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Slower Skeletal Muscle Oxygenation Kinetics in Adults With Complex Congenital Heart Disease

Sandberg, Camilla ; Crenshaw, Albert G. ; Elçadi, Guilherme H. ; Christersson, Christina ; Hlebowicz, Joanna LU ; Thilén, Ulf LU and Johansson, Bengt (2019) In Canadian Journal of Cardiology 35(12). p.1815-1823
Abstract

Background: Adults with complex congenital heart disease (CHD) show reduced aerobic exercise capacity and impaired skeletal muscle function compared with healthy peers. Peripheral muscle factors are presumed to be important contributors to the aerobic capacity, but the mechanisms are poorly understood. The aim of the present study was to investigate differences between adults with CHD and controls in muscle oxygenation kinetics at rest, and during and after exercise. Methods: Seventy-four patients with complex CHD (mean age 35.6 ± 14.3 years, female n = 22) were recruited. Seventy-four age- and sex-matched subjects were recruited as controls. Muscle oxygenation was successfully determined on the anterior portion of the deltoid muscle... (More)

Background: Adults with complex congenital heart disease (CHD) show reduced aerobic exercise capacity and impaired skeletal muscle function compared with healthy peers. Peripheral muscle factors are presumed to be important contributors to the aerobic capacity, but the mechanisms are poorly understood. The aim of the present study was to investigate differences between adults with CHD and controls in muscle oxygenation kinetics at rest, and during and after exercise. Methods: Seventy-four patients with complex CHD (mean age 35.6 ± 14.3 years, female n = 22) were recruited. Seventy-four age- and sex-matched subjects were recruited as controls. Muscle oxygenation was successfully determined on the anterior portion of the deltoid muscle using near-infrared spectroscopy in 65 patients and 71 controls. Measurements were made at rest, during isotonic shoulder flexions (0-90°) to exhaustion, and during recovery. Results: The patients with CHD performed fewer shoulder flexions (40 ± 17 vs 69 ± 40; P < 0.001), had lower muscle oxygen saturation (StO2) at rest (58 ± 18% vs 69 ± 18%; P < 0.001), slower desaturation rate at exercise onset (−9.7 ± 5.9 vs −15.1 ± 6.5% StO2 × 3.5 s−1, P <0.001), and slower resaturation rate post exercise (4.0 ± 2.7 vs 5.4 ± 3.6% StO2 × 3.5 s−1; P = 0.009) compared with the controls. Conclusions: In comparison with age- and sex-matched controls, adults with complex CHD had slower oxygenation kinetics. This altered skeletal muscle metabolism might contribute to the impaired skeletal muscle endurance capacity shown and thereby also to the reduced aerobic capacity in this population.

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author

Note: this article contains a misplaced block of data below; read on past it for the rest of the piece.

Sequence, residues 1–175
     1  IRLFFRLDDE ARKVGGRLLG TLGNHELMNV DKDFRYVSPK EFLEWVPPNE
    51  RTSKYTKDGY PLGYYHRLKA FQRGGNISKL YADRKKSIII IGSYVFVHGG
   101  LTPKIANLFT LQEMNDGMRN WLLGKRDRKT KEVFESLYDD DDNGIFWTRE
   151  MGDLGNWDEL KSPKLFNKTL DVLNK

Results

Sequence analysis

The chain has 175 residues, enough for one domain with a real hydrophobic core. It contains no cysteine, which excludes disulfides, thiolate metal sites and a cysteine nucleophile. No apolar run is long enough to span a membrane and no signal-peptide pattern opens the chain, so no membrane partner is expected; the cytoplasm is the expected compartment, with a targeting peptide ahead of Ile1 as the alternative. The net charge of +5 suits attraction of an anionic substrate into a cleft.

organization
publishing date
type
Contribution to journal
publication status
published
subject
in
Canadian Journal of Cardiology
volume
35
issue
12
pages
1815 - 1823
publisher
Elsevier Inc.
external identifiers
  • pmid:31473068
  • scopus:85071303990
ISSN
0828-282X
DOI
10.1016/j.cjca.2019.05.001
language
English
LU publication?
yes
id
4aa5c166-a933-4391-8e13-37cff9801c57
date added to LUP
2019-09-12 11:55:08
date last changed
2020-07-08 05:03:38
@article{4aa5c166-a933-4391-8e13-37cff9801c57,
  abstract     = {<p>Background: Adults with complex congenital heart disease (CHD) show reduced aerobic exercise capacity and impaired skeletal muscle function compared with healthy peers. Peripheral muscle factors are presumed to be important contributors to the aerobic capacity, but the mechanisms are poorly understood. The aim of the present study was to investigate differences between adults with CHD and controls in muscle oxygenation kinetics at rest, and during and after exercise. Methods: Seventy-four patients with complex CHD (mean age 35.6 ± 14.3 years, female n = 22) were recruited. Seventy-four age- and sex-matched subjects were recruited as controls. Muscle oxygenation was successfully determined on the anterior portion of the deltoid muscle using near-infrared spectroscopy in 65 patients and 71 controls. Measurements were made at rest, during isotonic shoulder flexions (0-90°) to exhaustion, and during recovery. Results: The patients with CHD performed fewer shoulder flexions (40 ± 17 vs 69 ± 40; P &lt; 0.001), had lower muscle oxygen saturation (StO<sub>2</sub>) at rest (58 ± 18% vs 69 ± 18%; P &lt; 0.001), slower desaturation rate at exercise onset (−9.7 ± 5.9 vs −15.1 ± 6.5% StO<sub>2</sub> × 3.5 s<sup>−1</sup>, P &lt;0.001), and slower resaturation rate post exercise (4.0 ± 2.7 vs 5.4 ± 3.6% StO<sub>2</sub> × 3.5 s<sup>−1</sup>; P = 0.009) compared with the controls. Conclusions: In comparison with age- and sex-matched controls, adults with complex CHD had slower oxygenation kinetics. This altered skeletal muscle metabolism might contribute to the impaired skeletal muscle endurance capacity shown and thereby also to the reduced aerobic capacity in this population.</p>},
  author       = {Sandberg, Camilla and Crenshaw, Albert G. and Elçadi, Guilherme H. and Christersson, Christina and Hlebowicz, Joanna and Thilén, Ulf and Johansson, Bengt},
  issn         = {0828-282X},
  language     = {eng},
  number       = {12},
  pages        = {1815--1823},
  publisher    = {Elsevier Inc.},
  series       = {Canadian Journal of Cardiology},
  title        = {Slower Skeletal Muscle Oxygenation Kinetics in Adults With Complex Congenital Heart Disease},
  url          = {http://dx.doi.org/10.1016/j.cjca.2019.05.001},
  doi          = {10.1016/j.cjca.2019.05.001},
  volume       = {35},
  year         = {2019},
}